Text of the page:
Where other countries may specialize, Guatemala excels in its diversity. This Central American country is where Spanish colonial architecture meets ancient Mayan ruins, where volcanic peaks poke above the lush rainforest not far from utopian beaches. It's a country in which the biodiversity alone rivals the mix of living cultures that exist within its boundaries.
The charm of Guatemala has endeared the small country to travelers for decades, but the adrenaline and sense of adventure it inspires have made it increasingly known as an adventure travel destination. You can trek, swim, climb, walk, and even spelunk your way through it, and by joining an organized tour you can choose which activities appeal the most, or give them all a try. Pairing these adventurous activities with others that focus on food, culture, and history, makes Guatemala an incredibly dynamic destination.
Yes, these are a thing in Guatemala! With so many volcanoes throughout Guatemala, you'll quickly realize that there's so much to see, yet so little time (no matter how long you have). Tajamulco is Central America's largest volcano, and it's a good destination for an overnight trip. Breathtaking views from the top spread in all directions, from neighboring Mexico to the Pacific Ocean, and the many surrounding volcanoes.
Travelers looking for a physical challenge should make sure to visit Acatenango, which offers impressive views of active volcano Fuego nearby. For those looking for an easier (yet equally popular) volcano excursion, at active Pacaya you can sometimes lava flows!
Keep in mind that volcanoes must be visited with a tour guide for safety's sake, as most paths are unmarked.
Spelunking & Caving Tours
Hidden throughout Guatemala's jungles and mountains are countless caves waiting to be explored. Led by nothing more than a flickering candle (if you can keep it from going out), a guide will lead you through underground rivers and pools, past remarkable rock formations, and into the depths of a region where few are able to go. Explore caves in Kan'Ba (in Semuc Champay), or in San Augustin Lanquin.
History & Culture Tours
Guatemala is dotted with incredible Mayan ruins (nearly 1,500), which have now been designated UNESCO World Heritage sites. The structures represent a sacred part of Guatemala's history, and are hidden within the natural environment, making for many mysterious and intriguing sites. Tikal, the 'place of voices', is one of the most impressive, with Mayan pyramids and temples spanning 222 square miles of land. Yaxha, set of the tv show Survivor in 2005, and the 'white city' of Zaculeu are also popular.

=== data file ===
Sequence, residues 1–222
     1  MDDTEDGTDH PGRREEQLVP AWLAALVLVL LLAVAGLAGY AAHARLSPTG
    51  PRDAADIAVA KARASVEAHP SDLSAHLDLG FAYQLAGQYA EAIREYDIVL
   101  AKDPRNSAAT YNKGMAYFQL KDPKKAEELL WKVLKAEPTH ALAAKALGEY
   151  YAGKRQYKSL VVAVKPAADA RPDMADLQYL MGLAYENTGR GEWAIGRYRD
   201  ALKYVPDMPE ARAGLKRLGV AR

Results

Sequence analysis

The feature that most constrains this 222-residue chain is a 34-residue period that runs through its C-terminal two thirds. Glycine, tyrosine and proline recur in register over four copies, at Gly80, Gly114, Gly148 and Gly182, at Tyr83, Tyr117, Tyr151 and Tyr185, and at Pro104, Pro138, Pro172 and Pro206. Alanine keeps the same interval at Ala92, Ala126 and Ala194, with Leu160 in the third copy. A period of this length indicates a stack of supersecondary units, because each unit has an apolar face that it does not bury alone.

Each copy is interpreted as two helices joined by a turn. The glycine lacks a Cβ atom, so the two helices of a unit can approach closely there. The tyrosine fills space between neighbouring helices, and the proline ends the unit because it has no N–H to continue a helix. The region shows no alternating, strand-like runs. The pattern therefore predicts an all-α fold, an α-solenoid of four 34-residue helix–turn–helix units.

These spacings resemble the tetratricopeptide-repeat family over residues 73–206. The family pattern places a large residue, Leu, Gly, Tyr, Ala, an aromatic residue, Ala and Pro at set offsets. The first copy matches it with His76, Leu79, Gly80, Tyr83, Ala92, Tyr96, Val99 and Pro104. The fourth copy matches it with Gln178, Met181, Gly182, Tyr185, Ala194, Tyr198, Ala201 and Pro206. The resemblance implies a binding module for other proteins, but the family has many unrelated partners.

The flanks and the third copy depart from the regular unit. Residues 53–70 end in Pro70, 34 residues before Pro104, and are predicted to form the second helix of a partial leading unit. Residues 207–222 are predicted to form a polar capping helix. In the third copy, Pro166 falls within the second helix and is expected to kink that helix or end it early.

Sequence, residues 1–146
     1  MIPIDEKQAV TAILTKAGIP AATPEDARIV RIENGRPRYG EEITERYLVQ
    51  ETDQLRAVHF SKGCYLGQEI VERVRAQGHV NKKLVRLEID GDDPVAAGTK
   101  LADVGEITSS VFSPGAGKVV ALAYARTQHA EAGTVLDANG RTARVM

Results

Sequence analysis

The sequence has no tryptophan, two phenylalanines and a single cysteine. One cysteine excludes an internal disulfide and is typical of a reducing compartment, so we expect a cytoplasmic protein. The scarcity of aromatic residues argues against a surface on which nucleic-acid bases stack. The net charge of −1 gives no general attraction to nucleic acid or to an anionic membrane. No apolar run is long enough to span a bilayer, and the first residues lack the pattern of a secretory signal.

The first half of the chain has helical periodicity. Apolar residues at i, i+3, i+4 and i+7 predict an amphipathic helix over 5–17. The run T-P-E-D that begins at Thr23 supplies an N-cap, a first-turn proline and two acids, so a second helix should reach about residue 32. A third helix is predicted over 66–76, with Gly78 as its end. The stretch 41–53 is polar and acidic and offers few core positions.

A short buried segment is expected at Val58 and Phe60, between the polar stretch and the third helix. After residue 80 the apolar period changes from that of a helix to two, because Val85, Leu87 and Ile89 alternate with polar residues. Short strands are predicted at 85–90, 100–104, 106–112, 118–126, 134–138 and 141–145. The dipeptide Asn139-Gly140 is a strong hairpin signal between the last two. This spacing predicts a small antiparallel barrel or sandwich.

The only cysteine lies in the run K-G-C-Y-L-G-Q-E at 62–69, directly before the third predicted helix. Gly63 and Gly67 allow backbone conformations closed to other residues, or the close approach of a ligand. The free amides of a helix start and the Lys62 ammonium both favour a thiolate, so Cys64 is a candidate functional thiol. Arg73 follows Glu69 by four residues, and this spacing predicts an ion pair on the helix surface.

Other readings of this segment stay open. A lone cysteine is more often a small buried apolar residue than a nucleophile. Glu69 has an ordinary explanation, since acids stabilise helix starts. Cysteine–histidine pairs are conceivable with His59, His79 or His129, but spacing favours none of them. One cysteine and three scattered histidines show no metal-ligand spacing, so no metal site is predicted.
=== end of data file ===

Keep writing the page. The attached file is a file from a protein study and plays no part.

Best Time to Visit Guatemala
Guatemala’s dry season is November through April, so visiting during this time will ensure the most favorable weather conditions, ideal for any trekking and climbing. Temperatures are hotter during the dry season, however. Plan your trip closer to the shoulder (beginning or end) of the season to avoid rain and the hottest days.
Visiting during the rainy season, which is around May until October, will make trekking a bit more difficult, but there will be fewer tourists and accommodation may be cheaper.
Typical Tour Costs
For an all-inclusive tour of around a week, expect to pay upwards of $1000. Such tours tend to start in Guatemala City, and visit numerous cultural and natural sites around the small country. Day tours that include transportation cost around $50-60..
Packing Tips & Gear Rental
Pack for warm, humid weather during the dry season. During the rainy season, bring some warm clothes, a rain jacket, and rain boots. Always dress to respect the culture, and never wear anything too revealing.
Other Tips for Travel in Guatemala
- Currency: Guatemala uses the Guatemalan quetzal as their currency.
- Transportation & Accommodation If you want to travel as the locals do, take the public buses. Cheap and extremely crowded, they put the adventure into 'getting there'. By booking a multiple-destination tour that includes transportation, you can usually expect private transfers, which are fast and comfortable.
There are no required vaccines for Guatemala, but it is recommended that you are up to date on your routine vaccinations. Make sure to discuss the regions in Guatemala that you plan on visiting, in case you will be in a malaria-prone region and will need to take malaria pills.
Drink only bottled water in Guatemala; make sure you stay hydrated, especially during dry season; and wear plenty of sun protection.
Because of Guatemala’s geographical location, it is prone to hurricanes. Try not to visit Guatemala during hurricane season, the peak of which is in October. It is also prone to earthquakes, so make sure you know what you’re supposed to do during an earthquake, and if there are marked safe houses nearby.
Although Guatemala is generally safe for solo female travelers, it is recommended to avoid traveling on local buses at night.
Just as you would in any other country, watch your belongings, especially on public transportation, and don’t walk around alone after dark. Main touristy areas usually have more guards and police, so sticking to them is a safe bet.